Chip Finke has always been comfortable with words, going way back. He learned to read before he was a kindergartener. Occasionally at parties his parents hosted, they’d have him pick up a copy of Time or Life magazine and read it out loud to their guests.
“I learned to read by being read to. I might not have necessarily understood everything the writers were saying, but I was able to sound out the words phonetically.”
He grew up on the east side of Cincinnati, a self-described “nerdy little kid.” His father was a builder and Realtor, and his mother was a homemaker.
Summers were spent in Leland, a picturesque town in northern Michigan. He recalls them as golden days. He had a group of friends who would converge there in the summer, year after year. Those friendships, forged decades ago, remain strong.
The walls in his office are crowded with a dozen or so paintings and a few photographs of Leland. Two large paintings look like fanciful x-rays. A Bermuda seascape, looking down on waves crashing against rocks, swirls with color. The only theme running through his paintings: “There is something about each one that I like.”
As a board member of the Art Academy of Cincinnati, he will sometimes buy a student’s work to help that student. But mostly, he acquires a piece simply because it appeals to him. He doesn’t care if it will never hang in the Louvre.
He writes the Firm’s annual Christmas poem, perennially entitled “To the Girls.” He keeps notes on events throughout the year, looking for items he deems “poem-worthy,” and he engages in a good amount of skewering.
The poem is a task he inherited from Bruce Petrie, Sr. He also created a semi-regular Graydon underground newspaper. He remembers earlier in his career, when he started the newspaper, another of the Firm’s patriarchs appearing in his doorway to inquire about it.
“John Warrington told me he’d heard I was doing an underground newspaper and said, ‘Well, I’d like to get a copy.’ So I said sure.”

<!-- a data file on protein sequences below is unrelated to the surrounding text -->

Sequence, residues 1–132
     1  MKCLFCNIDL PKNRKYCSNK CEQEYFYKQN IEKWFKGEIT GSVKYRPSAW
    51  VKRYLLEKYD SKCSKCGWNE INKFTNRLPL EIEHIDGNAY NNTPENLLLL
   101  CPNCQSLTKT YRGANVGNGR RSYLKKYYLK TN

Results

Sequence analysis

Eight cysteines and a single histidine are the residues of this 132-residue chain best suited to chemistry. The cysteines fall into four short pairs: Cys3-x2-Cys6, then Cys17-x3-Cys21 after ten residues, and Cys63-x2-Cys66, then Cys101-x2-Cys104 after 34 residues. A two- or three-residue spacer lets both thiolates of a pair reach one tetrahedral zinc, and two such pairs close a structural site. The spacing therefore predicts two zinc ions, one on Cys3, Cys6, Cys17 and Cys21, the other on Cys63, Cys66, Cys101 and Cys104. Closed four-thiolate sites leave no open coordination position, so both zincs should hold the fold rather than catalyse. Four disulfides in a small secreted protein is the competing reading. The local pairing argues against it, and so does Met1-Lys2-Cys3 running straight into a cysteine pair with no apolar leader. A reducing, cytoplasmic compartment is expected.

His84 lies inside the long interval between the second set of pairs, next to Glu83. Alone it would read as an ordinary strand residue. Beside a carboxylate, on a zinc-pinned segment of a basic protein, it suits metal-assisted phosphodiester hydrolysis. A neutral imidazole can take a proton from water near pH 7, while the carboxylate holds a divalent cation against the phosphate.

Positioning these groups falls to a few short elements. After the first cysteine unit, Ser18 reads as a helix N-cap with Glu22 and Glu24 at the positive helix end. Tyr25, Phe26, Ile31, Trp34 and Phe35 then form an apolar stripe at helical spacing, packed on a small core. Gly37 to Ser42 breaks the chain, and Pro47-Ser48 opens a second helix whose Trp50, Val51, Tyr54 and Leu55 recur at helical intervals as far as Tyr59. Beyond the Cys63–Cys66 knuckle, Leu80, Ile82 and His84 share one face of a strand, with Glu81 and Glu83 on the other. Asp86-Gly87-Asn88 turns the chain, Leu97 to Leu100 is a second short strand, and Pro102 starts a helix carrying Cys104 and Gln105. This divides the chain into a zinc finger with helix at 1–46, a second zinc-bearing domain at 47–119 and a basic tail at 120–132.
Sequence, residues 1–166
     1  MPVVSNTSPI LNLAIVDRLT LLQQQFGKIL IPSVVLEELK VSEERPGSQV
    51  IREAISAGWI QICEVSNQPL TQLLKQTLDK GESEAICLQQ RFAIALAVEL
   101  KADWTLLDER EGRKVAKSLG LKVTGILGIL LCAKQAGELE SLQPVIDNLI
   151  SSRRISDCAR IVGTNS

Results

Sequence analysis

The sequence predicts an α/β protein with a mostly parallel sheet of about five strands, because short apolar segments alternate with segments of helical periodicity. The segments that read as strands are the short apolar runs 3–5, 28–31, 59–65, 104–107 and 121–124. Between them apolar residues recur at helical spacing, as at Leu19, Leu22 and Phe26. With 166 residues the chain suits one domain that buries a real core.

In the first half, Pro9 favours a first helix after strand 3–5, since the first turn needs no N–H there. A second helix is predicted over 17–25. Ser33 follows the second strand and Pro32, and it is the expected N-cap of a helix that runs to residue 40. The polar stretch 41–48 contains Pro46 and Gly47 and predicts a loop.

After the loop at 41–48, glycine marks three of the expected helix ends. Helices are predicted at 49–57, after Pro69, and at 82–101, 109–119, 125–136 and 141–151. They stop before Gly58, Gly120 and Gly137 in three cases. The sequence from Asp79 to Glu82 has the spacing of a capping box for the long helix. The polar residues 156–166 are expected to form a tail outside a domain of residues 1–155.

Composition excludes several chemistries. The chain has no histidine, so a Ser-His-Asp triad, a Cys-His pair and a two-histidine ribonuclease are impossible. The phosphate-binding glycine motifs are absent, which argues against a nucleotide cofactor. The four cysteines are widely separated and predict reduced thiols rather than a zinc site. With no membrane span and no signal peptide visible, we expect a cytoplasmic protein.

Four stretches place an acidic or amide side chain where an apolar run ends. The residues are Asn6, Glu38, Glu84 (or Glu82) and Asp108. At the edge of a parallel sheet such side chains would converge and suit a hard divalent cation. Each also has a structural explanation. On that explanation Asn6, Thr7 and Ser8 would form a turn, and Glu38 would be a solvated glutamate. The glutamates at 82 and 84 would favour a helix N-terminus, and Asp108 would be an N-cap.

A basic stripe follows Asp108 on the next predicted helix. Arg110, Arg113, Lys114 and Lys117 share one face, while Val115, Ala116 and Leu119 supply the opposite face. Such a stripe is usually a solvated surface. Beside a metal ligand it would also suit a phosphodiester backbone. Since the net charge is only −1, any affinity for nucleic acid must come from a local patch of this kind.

“The Firm has changed in some ways. But it’s still the kind of place where you can have an underground newspaper and poke fun at whomever you want without adverse consequences. I was an associate when I did the first one. I put it in the mail slots of people that I wanted to see it – in other words, not everyone’s slot.
“But I quickly realized that, while people here take their work seriously, they don’t take themselves too seriously. It makes for a great environment.”
Chip has handled cases in a variety of substantive areas, including commercial disputes, employment discrimination, real estate, and lender liability. He has tried cases and argued appeals in federal and state courts and has represented clients in mediations and arbitrations under various auspices. He is a member of the firm’s Risk Management Committee, is designated Counsel to the Firm, and is actively involved in risk management issues. Before joining Graydon in 1984, Chip worked two years as a law clerk for the Honorable Carl B. Rubin, then Chief Judge of the United States District Court for the Southern District of Ohio. Based on the grading and comments of his peers, Chip is recognized with an AV Rating, the highest rating given to lawyers by Martindale-Hubbell. From 2013-2015, Chip has also been named an Ohio Super Lawyer for his work in Litigation law.
Chip is the author of the firm’s underground newsletter and the annual holiday poem. He enjoys any event that involves art, wine, or both, and he and his wife Wendy enjoy spending time in northern Michigan.